I suspect a note of putting me on. Is he really so hard-pressed?
Talking to Reger brings back a distinct recollection of the unease I’d had when I talked to him on Everest. It was centered in my gut, as if his voice could conjure all over for me the unimaginable events of that night. The feeling begins in my fingers, in the absent appendages that I calculate with, in thoughts such as, “Reger has lost nothing.” And then I try to imagine him with a family, that ballast that can give life purpose and meaning, in particular when, like me, you’ve spent much of your life trying to fill the void created by its absence. It’s a void you don’t know exists, if you have filled your life with wanderlust.
I look at my notes—I’d written down some of the things Reger had said before— these seem important to consider again. “Last time we talked—you said that, during the storm I believe it was, that you considered me to be in full awareness of my situation?”
“I would not have said that.”
“Okay, so you said I was not in full awareness?”
“Can you elaborate for me?”
“What do you want me to say?” Reger says. “You acted gracefully?”
I imagine giants like him huddled in a crevasse on some 8000er somewhere, using the least amount of oxygen possible and making precise decisions and conveying them through telepathy, as if on their own they have no use for language. Reger is an expert Alpinist and is friends—or as he would have it, acquaintances—with the best in the world, an elite club.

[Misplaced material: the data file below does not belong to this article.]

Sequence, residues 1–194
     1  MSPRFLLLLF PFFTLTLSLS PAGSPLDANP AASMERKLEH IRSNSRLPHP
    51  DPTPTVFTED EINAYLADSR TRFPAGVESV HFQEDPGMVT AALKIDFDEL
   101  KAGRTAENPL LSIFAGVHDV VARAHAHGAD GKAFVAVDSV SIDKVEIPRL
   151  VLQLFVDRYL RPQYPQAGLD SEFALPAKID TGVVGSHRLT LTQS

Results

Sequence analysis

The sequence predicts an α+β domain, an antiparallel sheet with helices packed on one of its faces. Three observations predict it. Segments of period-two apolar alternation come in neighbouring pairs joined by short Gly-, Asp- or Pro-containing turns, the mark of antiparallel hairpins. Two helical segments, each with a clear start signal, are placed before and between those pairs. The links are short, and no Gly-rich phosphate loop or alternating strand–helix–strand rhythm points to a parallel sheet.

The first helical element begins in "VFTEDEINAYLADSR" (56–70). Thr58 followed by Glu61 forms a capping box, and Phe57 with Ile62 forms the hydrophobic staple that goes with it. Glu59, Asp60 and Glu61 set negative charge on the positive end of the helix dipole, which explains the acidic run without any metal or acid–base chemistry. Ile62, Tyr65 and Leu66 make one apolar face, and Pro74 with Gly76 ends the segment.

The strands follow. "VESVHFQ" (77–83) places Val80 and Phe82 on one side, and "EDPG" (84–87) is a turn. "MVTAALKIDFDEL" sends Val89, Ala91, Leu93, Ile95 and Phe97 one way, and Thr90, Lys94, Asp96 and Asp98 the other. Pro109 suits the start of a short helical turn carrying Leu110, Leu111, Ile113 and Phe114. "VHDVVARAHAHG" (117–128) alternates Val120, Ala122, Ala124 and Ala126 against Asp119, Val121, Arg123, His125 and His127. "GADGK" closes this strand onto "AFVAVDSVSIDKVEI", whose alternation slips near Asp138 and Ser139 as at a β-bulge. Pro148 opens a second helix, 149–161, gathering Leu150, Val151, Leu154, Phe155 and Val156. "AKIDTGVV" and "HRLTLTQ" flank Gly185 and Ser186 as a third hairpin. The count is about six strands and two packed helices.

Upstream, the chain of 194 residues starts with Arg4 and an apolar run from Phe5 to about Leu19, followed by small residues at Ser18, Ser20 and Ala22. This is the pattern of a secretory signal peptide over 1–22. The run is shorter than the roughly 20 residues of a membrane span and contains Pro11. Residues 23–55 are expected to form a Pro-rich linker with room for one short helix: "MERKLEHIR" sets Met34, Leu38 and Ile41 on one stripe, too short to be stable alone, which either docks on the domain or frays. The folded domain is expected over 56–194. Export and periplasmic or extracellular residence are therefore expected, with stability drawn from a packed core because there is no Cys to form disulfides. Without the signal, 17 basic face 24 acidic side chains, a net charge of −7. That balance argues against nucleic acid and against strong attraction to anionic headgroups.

How freely he spoke his mind on the mountain. Is it a language barrier—or even a lack of one? His accent had caught my attention, and the frankness with which he spoke. His assistant Lodge conveyed all the formal legalese, hunting us down for our signatures on various documents as we prepared our ascent at the base camp, and sending redundant e-mails full of legal boilerplate. This assistant stayed behind at EBC, though was in regular contact with Reger via radio. Reger was Equatorial Logistics. I’d never thought to contact Lodge, as I’d had only a few words with him, and thought he was primarily in charge of administration, and seemed to be less familiar with the logistics of our climb. In fact, I believed this assistant was going to be with us the whole time, and I was surprised when he wasn’t.